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Aaron Johnson eager to help Bruins however he can 01.10.13 at 5:36 pm ET
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WILMINGTON — While Nathan Horton, Rich Peverley and Daniel Paille were the most notable additions to Thursday’s informal practice at Ristuccia Arena, there was one more new guy in attendance. An actual new guy.

Defenseman Aaron Johnson, who was signed to a two-way contract in the offseason after spending last season in Columbus, made his Ristuccia debut on Thursday, a day after going out to dinner with Shawn Thornton and a number of other Bruins teammates.

Johnson, 29, was signed to be a depth guy for the B’s, but if Adam McQuaid (who is still recovering from blood clot surgery but has been on the ice in recent weeks) is unable to go at the start of the season, Johnson could be in the rotation for the B’s.

In 56 games for the Blue Jackets last season, Johnson had three goals and 13 assists for 16 points and a very Blue Jackets-esque minus-12 rating. He said the Bruins weren’t the only option for him this offseason, but choosing them proved to be an easy decision.

“There was a number of teams, but I just think the experience here and the fact that they won a Stanley Cup and still have a lot of those guys, I think it’s a great opportunity,” he said. “I’m just trying to come in and help as much as possible.

“I think the history speaks for itself here,” he added. “As soon as they came on the list, it was pretty much close the door and sign the contract because when a team like this comes along, you want to jump in and be a part of it.”

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Rich Peverley loved Finland, but was ‘as pissed off as anyone’ during lockout 01.10.13 at 4:42 pm ET
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WILMINGTON — Forward Rich Peverley was among the newcomers to informal practice Thursday, as he, Nathan Horton, Daniel Paille and newcomer Aaron Johnson joined the likes of Shawn Thornton, Andrew Ference, Zdeno Chara and Tuukka Rask, among others.

Peverley spent the lockout in Finland playing for JyP HT Jyvaskyla of the SM-liiga. There, he played with Habs forward Lars Eller, as well as former Predators teammate Ramzi Abid.

In 29 SM-liiga games, Peverley scored nine goals and added 14 assists for 23 points in 29 games (he also had an eyebrow-raising 47 penalty minutes, according to HockeyDB. Assuming it isn’t a misprint, that means he had more penalty minutes in 29 games over in Finland than he did in a full 82-game season with the Thrashers, as he had 36 all of 2009-10).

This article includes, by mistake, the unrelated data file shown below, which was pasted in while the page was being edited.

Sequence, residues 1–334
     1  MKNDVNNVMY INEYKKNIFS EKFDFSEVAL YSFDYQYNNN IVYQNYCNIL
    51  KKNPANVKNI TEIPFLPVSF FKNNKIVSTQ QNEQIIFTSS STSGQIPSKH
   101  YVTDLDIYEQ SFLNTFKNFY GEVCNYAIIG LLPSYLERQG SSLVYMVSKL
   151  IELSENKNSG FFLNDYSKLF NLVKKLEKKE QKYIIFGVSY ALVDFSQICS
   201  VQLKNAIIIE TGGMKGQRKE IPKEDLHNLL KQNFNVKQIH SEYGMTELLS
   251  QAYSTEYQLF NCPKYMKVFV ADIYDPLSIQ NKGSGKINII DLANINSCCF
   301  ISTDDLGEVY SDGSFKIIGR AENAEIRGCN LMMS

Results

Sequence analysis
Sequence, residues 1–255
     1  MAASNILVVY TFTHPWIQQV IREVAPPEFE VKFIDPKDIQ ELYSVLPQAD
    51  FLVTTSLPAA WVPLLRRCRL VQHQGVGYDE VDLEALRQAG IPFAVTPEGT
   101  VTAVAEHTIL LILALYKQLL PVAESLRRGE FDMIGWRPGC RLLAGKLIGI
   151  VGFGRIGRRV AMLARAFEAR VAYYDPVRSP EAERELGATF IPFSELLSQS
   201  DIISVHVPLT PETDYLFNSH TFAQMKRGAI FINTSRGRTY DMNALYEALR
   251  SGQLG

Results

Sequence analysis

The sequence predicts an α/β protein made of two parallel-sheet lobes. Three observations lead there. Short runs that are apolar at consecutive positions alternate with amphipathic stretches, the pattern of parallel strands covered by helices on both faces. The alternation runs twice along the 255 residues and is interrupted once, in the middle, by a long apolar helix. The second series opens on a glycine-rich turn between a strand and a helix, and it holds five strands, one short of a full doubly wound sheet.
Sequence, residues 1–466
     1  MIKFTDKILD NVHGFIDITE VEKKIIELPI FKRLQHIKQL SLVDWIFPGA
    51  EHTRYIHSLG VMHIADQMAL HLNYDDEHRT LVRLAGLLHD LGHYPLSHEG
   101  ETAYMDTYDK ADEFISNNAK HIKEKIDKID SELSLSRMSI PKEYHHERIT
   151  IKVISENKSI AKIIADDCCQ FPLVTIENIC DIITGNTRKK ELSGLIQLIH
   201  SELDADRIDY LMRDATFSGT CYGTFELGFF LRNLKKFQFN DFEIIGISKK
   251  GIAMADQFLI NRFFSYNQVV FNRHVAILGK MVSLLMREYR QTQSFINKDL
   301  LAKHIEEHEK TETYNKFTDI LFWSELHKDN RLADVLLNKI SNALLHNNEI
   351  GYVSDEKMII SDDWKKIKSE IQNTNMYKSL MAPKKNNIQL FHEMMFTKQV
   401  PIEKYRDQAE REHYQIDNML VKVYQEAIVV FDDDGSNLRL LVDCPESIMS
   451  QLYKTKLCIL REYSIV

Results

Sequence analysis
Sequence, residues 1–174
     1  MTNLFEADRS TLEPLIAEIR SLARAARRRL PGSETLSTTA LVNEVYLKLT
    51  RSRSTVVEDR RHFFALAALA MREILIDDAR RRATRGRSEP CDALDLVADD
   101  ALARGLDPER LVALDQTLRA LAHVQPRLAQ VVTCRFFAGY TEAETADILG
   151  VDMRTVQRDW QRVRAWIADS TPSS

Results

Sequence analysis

“I had a great time,” Peverley said of the experience. “Luckily I was with a great group of guys and some guys I had played with in the past. That eased the transition. I’m really happy I did it and looking back, I would have done the same thing [again].”

As for the lockout itself, Peverley said he feels sorry for the fans, but nobody should think the players were happy to miss time, either.

“I’m a fan too and I was as pissed off as anyone,” he said. “‘€¦ We’ve got great fans here, and hopefully in other places around the league, they’ll understand what happened and will come back and support us.”

Peverley figures to have a new linemate in the upcoming season. The Bruins used a combination of Benoit Pouliot, Jordan Caron and Brian Rolston on the other wing with Peverley and Chris Kelly, but both Pouliot and Rolston are gone, while Caron is dealing with an upper-body injury. One possible candidate to take the job for the time being is Chris Bourque, who has eight goals and 20 assists for 28 points in 32 games for Providence this season, is among the candidates to start the season on that wing.

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Tyler Seguin: Swiss story ‘100 percent untrue’ 01.10.13 at 12:15 pm ET
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WILMINGTON — This is as much of a story as the infamous Amstel Light saga, so we’ll make this quick: Tyler Seguin is pretty offended by a Swiss report that came out this week saying he was a hoarder and spent his time in Switzerland living in his own filth.

Swiss tabloid Blick wrote a story citing the company hired to clean Seguin’s apartment and reported that the 20-year-old’s floor was littered with money, soda bottles, garbage and dirty linen, while rotten bananas weren’t hard to find either. Deadspin picked up the story, and from there things took off.

Seguin denied the report on Twitter on Wednesday and elaborated after skating with Bruins teammates at Ristuccia Arena on Thursday.